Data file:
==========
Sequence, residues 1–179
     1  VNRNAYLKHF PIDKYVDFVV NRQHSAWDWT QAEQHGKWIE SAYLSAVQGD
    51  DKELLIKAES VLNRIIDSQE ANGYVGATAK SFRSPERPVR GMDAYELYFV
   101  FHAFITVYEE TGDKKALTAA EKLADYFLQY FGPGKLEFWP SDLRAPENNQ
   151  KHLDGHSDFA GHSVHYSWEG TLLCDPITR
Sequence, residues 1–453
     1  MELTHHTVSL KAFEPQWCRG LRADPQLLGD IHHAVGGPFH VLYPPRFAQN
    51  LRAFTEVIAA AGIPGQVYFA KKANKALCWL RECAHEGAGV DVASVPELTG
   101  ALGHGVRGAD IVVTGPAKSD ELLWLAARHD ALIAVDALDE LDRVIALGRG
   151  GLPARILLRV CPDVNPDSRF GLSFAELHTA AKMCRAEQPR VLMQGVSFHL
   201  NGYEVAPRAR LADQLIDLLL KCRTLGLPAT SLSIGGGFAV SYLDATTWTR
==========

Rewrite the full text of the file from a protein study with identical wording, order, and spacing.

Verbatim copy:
Sequence, residues 1–179
     1  VNRNAYLKHF PIDKYVDFVV NRQHSAWDWT QAEQHGKWIE SAYLSAVQGD
    51  DKELLIKAES VLNRIIDSQE ANGYVGATAK SFRSPERPVR GMDAYELYFV
   101  FHAFITVYEE TGDKKALTAA EKLADYFLQY FGPGKLEFWP SDLRAPENNQ
   151  KHLDGHSDFA GHSVHYSWEG TLLCDPITR
Sequence, residues 1–453
     1  MELTHHTVSL KAFEPQWCRG LRADPQLLGD IHHAVGGPFH VLYPPRFAQN
    51  LRAFTEVIAA AGIPGQVYFA KKANKALCWL RECAHEGAGV DVASVPELTG
   101  ALGHGVRGAD IVVTGPAKSD ELLWLAARHD ALIAVDALDE LDRVIALGRG
   151  GLPARILLRV CPDVNPDSRF GLSFAELHTA AKMCRAEQPR VLMQGVSFHL
   201  NGYEVAPRAR LADQLIDLLL KCRTLGLPAT SLSIGGGFAV SYLDATTWTR